Home Arbitration/Labour Relations Supreme Court of Canada affirms teachers’ workplace privacy rights

Supreme Court of Canada affirms teachers’ workplace privacy rights

by HR Law Canada

In a landmark decision, the Supreme Court of Canada ruled that Ontario public school boards are subject to the Canadian Charter of Rights and Freedoms, particularly Section 8, which protects against unreasonable search and seizure.

The case centered on a dispute involving two elementary school teachers from York Region in Ontario, whose private communications were accessed by their principal, leading to disciplinary action.

One of the intriguing aspects of this case was the method by which the principal accessed the teachers’ private log. The log, a personal, password-protected document stored in the cloud, was accessed when the principal used a school laptop in one of the teacher’s classrooms.

The principal scrolled through the document and took screenshots with his cellphone. This invasive action sparked a significant legal battle, culminating in the Supreme Court’s decision.

Background

The events occurred during the 2014-15 school year at a public school within the York Region District School Board. Teachers Ms. Shen and Ms. Rai maintained a shared log to document workplace concerns. This log, stored in the cloud via their personal Gmail accounts, was not on any school system or device, ensuring its privacy.

The principal, aware of the log through staff discussions, conducted an IT search which yielded no results. Subsequently, he entered Ms. Shen’s classroom, saw the laptop open, and accessed the log. He then read and took screenshots of the log’s content, which was later used by the school board to issue written reprimands to the teachers.

Legal proceedings

The teachers’ union, the Elementary Teachers’ Federation of Ontario, filed a grievance against the discipline, arguing that the search violated the teachers’ privacy rights. Initially, a labour arbitrator dismissed the grievance, reasoning that the teachers’ reasonable expectation of privacy was outweighed by the school board’s interest in managing the workplace.

The case moved to judicial review. The Ontario Divisional Court upheld the arbitrator’s decision, with a majority ruling that no Charter issues arose from the search because the workplace environment did not warrant the same privacy expectations as a criminal context.

However, the Ontario Court of Appeal overturned this decision, ruling unanimously that the arbitrator’s decision was unreasonable and that the search violated Section 8 of the Charter.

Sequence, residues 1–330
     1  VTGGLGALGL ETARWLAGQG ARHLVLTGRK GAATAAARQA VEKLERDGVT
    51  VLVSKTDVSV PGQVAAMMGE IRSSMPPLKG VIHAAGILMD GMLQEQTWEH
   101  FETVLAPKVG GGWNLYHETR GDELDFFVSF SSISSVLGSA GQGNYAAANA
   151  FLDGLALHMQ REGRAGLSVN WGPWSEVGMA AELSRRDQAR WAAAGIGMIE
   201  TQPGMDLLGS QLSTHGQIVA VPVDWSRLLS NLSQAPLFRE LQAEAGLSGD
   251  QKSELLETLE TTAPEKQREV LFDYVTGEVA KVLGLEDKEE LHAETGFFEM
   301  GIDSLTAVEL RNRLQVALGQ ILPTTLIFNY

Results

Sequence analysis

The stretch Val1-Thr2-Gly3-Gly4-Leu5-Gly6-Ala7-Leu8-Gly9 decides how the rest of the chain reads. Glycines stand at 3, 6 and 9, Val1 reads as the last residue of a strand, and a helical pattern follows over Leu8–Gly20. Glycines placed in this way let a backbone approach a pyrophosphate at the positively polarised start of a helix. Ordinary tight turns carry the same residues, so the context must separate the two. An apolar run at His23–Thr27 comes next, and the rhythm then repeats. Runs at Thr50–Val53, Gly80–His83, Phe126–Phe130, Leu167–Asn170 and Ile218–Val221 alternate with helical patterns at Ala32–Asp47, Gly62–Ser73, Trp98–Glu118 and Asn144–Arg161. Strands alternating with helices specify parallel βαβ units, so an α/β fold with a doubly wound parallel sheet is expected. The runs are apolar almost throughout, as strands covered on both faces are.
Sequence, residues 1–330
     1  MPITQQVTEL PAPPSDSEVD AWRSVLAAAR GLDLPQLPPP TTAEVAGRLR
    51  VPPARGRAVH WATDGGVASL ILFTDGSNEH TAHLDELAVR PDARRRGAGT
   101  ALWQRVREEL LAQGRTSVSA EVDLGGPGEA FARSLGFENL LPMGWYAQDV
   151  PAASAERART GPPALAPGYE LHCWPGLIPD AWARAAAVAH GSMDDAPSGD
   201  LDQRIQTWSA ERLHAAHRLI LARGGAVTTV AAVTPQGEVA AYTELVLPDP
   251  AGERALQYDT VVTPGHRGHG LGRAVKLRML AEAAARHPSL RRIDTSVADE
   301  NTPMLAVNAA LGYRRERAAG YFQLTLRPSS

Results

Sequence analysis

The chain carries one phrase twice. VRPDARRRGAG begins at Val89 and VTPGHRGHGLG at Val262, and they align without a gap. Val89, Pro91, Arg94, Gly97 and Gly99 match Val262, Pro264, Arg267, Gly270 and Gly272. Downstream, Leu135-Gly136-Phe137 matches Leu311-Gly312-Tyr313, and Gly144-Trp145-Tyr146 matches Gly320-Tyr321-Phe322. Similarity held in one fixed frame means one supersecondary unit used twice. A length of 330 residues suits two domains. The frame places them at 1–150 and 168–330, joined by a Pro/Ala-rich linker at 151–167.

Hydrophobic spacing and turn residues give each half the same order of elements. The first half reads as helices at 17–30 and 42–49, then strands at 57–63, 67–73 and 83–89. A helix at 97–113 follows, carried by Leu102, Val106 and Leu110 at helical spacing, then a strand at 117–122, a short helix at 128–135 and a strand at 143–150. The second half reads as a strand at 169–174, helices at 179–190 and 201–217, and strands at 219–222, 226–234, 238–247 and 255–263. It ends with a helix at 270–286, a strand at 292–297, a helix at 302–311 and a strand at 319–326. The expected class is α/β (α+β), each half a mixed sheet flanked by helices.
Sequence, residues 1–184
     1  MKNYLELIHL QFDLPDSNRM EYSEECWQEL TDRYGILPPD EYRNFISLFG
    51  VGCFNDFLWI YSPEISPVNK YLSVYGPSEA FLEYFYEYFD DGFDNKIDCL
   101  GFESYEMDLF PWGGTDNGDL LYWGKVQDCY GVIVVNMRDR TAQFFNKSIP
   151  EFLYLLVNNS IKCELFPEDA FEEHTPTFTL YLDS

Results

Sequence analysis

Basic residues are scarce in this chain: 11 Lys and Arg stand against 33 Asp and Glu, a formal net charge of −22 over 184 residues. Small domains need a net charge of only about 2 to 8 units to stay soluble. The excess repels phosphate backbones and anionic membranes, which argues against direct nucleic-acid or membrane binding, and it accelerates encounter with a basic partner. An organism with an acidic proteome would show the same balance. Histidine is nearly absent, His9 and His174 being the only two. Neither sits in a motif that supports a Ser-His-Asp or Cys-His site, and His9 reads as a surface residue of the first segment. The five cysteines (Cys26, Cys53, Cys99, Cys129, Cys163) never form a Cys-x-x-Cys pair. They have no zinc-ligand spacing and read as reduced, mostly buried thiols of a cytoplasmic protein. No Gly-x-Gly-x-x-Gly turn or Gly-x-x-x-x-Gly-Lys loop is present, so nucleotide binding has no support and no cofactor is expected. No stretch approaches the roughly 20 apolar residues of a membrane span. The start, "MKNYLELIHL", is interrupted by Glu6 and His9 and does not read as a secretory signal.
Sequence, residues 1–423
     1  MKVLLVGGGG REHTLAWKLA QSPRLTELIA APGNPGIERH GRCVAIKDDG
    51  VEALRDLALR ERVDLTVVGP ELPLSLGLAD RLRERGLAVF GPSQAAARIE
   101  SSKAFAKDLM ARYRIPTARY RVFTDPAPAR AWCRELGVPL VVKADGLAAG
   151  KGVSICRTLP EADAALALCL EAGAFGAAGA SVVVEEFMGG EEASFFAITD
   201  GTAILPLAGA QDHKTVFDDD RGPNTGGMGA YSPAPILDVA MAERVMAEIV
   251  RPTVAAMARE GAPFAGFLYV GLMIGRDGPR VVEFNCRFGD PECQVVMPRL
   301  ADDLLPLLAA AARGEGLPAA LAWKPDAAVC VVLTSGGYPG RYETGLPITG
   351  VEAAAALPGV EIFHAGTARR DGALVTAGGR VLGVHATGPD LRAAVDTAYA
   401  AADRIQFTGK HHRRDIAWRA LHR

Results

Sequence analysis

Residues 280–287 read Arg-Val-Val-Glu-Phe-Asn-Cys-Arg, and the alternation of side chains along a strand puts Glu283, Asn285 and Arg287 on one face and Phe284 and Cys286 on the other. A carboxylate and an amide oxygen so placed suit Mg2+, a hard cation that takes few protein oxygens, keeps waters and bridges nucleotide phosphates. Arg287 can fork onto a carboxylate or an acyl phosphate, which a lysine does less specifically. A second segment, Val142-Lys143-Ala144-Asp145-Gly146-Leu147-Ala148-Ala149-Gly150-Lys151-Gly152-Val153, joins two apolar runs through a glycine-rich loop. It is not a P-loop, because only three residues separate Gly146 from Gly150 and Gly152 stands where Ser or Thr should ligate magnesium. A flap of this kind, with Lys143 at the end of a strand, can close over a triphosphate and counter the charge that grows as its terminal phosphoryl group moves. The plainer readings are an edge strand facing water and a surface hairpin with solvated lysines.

Supreme Court ruling

The Supreme Court of Canada agreed with the Court of Appeal, dismissing the appeal by the York Region District School Board. The ruling emphasized that Ontario public school boards are inherently governmental entities and thus subject to the Charter.

The Court found that the arbitrator had erred by failing to consider the legal framework under Section 8, which should have constrained her analysis.

Implications

The Supreme Court’s decision underscores the importance of privacy rights in the workplace, particularly within public institutions. By extending Charter protections to school board employees, the Court has reinforced the need for government entities to respect constitutional rights, even in an employment context.

“Public education is inherently a governmental function,” the Court said. “It has a unique constitutional quality, as exemplified by s. 93 of the Constitution Act, 1867 and by s. 23 of the Charter. Ontario public schools are manifestations of government and, thus, they are subject to the Charter under Eldridge‘s first branch.”

Justice Rowe did state that the analysis “relates specifically to Ontario public school boards.”

“I leave for another day the question of the applicability of the Charter to public school in other provinces, or to the operation of private schools.”

The appeal was dismissed with costs. The court said there was no need to return the matter for further arbitral consideration, “as the issue of reprimand is moot.” The events took place more than a decade ago, noted Justice Karakatsanis and Justice Martin, and there had been “significant proceedings to date.”

“Remitting in these circumstances raises concerns about the efficient use of public resources,” they said.

For more information, see York Region District School Board v. Elementary Teachers’ Federation of Ontario, 2024 SCC 22 (CanLII)

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